Tune is Still Tune: Why Lil Wayne is Still Relevant and Why You Shouldn't Write Him Off Yet

Avatar:
Author:
Publish date:
Social count:
0
lil wayne

Lil Wayne has been in the game for almost two decades now and continues to prove that he is still one of the best lyricists in rap as well as all time. A lot of fans and listeners would write Wayne off at this point due to his lack of consistency. But what fans and other critiques may fail to realize is when you have two world famous and successful artist in a Nicki Minaj and a Drake on top of your own personal accomplishments, you really don't have anything else to prove. It would seem like your game plan would be to just go out there and have fun.

In the last recent years, Wayne has been more of a lyrical jokester than the usual story teller. He focuses more on punchlines than the actual substance of the song; which wouldn't be a good reason to immediately write him off.

In today's rap game, rappers tend to focus more on the hook than the substance of the song. The average song that you will here in a party or at a club doesn't contain too much lyrical content most of the time. This new scheme takes away the storytelling element of the song more times than less.

Now, Sorry 4 the Wait 2 didn't necessarily contain the lyrical Wayne that we all know and love either, but I can't say I was as disappointed in the tape as most listeners. While I'll agree that this wasn't nearly Wayne's finest work, I however saw some potential and hope for the future. The tape consisted of a few good songs that reminded me of a more in tune - Tune.

Despite the constant shots being thrown at Birdman and the rest of Cash Money, "CoCo" was an overall above average remix. Lines like "I told myself to save yourself cause I can't save you," is very clever when you consider the different meanings for the word "save".

"Hollyweezy" and "Preach" feat. 2 Chainz took me back to a Drought 3 - Dedication - No Ceilings Wayne. What really stood out in Hollyweezy was the fact that he managed to successfully fit the words "monitor" and "thermometer" in the same line and made it flow perfectly with the rhythm of the beat. Then at the end of the song he shows why he is considered the William Shakespeare of rap with impressive analogy and simile work as he raps "One to the chest with the chopper leave you with just arms and a head like an octopus."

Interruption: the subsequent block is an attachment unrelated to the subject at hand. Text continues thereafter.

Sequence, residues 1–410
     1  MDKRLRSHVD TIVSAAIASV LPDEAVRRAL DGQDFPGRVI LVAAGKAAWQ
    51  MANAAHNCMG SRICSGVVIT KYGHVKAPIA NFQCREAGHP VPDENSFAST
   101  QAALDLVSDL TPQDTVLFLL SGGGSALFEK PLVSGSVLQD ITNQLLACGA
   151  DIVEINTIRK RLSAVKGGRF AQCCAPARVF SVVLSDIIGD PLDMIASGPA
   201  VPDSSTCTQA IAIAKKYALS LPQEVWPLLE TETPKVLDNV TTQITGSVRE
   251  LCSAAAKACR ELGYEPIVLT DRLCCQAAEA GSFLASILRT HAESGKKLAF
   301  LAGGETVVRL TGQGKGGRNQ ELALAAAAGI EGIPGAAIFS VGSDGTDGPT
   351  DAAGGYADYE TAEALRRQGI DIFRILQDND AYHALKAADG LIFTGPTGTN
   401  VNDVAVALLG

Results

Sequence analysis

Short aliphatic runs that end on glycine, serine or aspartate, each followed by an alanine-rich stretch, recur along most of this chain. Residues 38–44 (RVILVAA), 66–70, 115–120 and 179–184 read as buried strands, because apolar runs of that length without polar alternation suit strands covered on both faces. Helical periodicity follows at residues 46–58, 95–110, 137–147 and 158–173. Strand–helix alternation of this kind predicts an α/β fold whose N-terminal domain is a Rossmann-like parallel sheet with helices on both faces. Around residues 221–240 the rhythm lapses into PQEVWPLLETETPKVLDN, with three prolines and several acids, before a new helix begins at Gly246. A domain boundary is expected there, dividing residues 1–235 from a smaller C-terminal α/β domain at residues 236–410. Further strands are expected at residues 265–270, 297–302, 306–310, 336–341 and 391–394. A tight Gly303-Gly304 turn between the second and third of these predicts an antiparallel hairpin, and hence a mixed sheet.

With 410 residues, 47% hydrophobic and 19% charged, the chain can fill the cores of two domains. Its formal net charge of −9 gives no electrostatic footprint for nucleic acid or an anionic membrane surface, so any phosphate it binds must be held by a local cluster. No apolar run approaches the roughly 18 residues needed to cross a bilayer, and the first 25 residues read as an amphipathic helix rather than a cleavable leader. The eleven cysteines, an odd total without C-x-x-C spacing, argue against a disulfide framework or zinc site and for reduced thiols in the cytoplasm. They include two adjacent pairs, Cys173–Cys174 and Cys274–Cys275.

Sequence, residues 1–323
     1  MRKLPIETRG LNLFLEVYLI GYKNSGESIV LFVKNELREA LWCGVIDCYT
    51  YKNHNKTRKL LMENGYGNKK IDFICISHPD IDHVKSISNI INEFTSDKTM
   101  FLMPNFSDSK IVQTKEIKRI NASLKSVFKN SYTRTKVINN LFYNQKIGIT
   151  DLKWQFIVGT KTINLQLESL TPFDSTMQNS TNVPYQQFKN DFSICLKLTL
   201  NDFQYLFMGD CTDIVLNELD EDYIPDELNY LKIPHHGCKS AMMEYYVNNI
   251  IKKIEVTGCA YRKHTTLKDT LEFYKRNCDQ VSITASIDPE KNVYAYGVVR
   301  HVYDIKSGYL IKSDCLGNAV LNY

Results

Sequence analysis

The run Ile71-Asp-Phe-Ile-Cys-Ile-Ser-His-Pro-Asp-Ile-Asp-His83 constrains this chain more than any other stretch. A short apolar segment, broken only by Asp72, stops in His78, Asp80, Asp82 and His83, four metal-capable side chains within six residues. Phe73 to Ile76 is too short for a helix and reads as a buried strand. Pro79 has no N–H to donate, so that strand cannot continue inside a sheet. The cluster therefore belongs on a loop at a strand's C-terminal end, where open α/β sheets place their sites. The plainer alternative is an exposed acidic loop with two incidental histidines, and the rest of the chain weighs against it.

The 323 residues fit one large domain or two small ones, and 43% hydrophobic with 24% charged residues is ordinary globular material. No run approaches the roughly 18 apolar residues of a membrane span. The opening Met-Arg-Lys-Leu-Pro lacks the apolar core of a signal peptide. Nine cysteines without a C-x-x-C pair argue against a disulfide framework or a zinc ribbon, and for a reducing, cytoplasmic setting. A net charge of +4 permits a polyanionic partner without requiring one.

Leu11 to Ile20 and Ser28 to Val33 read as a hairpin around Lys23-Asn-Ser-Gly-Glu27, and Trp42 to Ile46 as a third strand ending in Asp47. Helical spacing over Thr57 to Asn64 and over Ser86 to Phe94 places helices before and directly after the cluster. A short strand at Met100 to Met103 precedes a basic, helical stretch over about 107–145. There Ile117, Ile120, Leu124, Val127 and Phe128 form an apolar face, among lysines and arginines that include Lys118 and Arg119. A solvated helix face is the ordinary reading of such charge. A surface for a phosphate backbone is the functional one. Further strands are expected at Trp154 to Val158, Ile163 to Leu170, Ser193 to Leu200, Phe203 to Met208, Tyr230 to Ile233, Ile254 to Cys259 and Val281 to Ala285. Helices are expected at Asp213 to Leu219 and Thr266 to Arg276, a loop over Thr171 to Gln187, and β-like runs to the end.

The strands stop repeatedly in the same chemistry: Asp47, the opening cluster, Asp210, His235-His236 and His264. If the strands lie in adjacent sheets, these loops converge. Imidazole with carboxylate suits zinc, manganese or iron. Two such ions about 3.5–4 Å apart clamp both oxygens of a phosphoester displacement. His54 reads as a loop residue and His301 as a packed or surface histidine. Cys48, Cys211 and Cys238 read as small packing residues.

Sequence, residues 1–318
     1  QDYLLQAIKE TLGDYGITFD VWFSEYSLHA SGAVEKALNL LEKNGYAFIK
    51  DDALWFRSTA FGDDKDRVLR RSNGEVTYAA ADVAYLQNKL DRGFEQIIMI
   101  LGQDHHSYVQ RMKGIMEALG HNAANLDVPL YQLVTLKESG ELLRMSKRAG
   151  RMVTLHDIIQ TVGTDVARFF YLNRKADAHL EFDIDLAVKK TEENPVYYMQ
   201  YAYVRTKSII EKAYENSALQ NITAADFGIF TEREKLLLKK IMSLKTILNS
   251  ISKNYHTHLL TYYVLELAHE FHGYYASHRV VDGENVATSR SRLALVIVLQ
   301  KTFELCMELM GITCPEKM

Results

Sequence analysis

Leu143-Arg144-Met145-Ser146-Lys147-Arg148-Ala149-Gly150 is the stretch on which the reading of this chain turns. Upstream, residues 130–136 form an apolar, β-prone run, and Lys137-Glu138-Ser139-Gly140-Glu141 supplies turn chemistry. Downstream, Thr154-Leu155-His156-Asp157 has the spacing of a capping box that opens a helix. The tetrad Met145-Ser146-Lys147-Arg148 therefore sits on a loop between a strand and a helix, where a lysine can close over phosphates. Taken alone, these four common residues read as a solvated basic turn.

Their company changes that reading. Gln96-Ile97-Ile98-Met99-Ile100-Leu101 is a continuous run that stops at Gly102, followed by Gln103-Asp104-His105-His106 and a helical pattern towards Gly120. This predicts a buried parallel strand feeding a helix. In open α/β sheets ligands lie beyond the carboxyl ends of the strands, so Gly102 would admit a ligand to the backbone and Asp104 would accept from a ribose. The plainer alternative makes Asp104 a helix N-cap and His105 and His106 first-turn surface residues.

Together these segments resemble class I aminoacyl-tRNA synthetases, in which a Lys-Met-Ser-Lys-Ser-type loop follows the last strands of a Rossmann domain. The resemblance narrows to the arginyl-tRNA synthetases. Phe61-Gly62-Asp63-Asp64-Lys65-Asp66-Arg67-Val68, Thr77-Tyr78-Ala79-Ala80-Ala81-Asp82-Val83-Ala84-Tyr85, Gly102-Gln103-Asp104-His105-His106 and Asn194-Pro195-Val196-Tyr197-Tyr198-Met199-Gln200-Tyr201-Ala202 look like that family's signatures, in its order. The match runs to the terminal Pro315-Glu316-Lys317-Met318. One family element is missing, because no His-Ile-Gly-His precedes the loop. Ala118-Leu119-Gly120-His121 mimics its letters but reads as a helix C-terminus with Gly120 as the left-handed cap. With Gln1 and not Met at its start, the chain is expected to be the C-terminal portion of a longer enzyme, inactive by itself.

Wayne not only shows songs of life in his recent projects, but he does the same in Big Sean's song, "Deep" from Dark Sky Paradise. It seems like he may be in the midst of finding himself -- or maybe even recreating himself since his recent break up with his label Cash Money.

This gift of independence may have been what Wayne needed to get himself together and go back to his old ways; some fresh air always does some good.

Given, from the collection of loose songs that have never made an album, Wayne hasn't shown any new signs of slowing down. "Krazy", "Grinding" and "Believe" me show more of the lyrical Wayne that supplies stories alongside the hard punchlines. "Krazy" was more of a "6 foot, 7 foot" type of song but was thoroughly supported with its visual. "Grindin'" and "Believe Me" on the other hand came with more substance. Maybe it had something to do with the Drake feature, subconsciously raising the bar; but it really doesn't matter because at the end of the day, competition makes the athlete.

Speaking of features that unknowingly raise competition, Young Tune also displayed lyrical genius in Nicki Minaj's single "Only", which also featured Drake and Chris Brown. Nicki and Drake were more on the bright side of the song, Chris Brown complemented the hook, and Wayne came in and delivered a more intriguing flow.

Wayne started by giving off the same impression that Nicki and Drake previously rapped in their verses but then almost immediately switched the topic a couple of bars later. Only Wayne could change the whole subject of a song and still keep our attention (while remembering quotable lyrics).

Wayne hasn't released an up to date album in the last two years, which means it's ultimately unfair and irrational to determine his state based on loose songs and features. There can be no full awareness of his music ability until the release of his overdue album, Tha Carter V. Wayne has always taken pride in his premiere projects more than a Sorry for the Wait or some random feature.

So, the idea of Wayne falling off as an artist is most definitely classified as a strong opinion more than it is a solid fact. Instead of criticizing him for being "under the weather" in the rap game recently, I feel Lil Wayne fans should be more concerned with when or even if the album is even going to be released.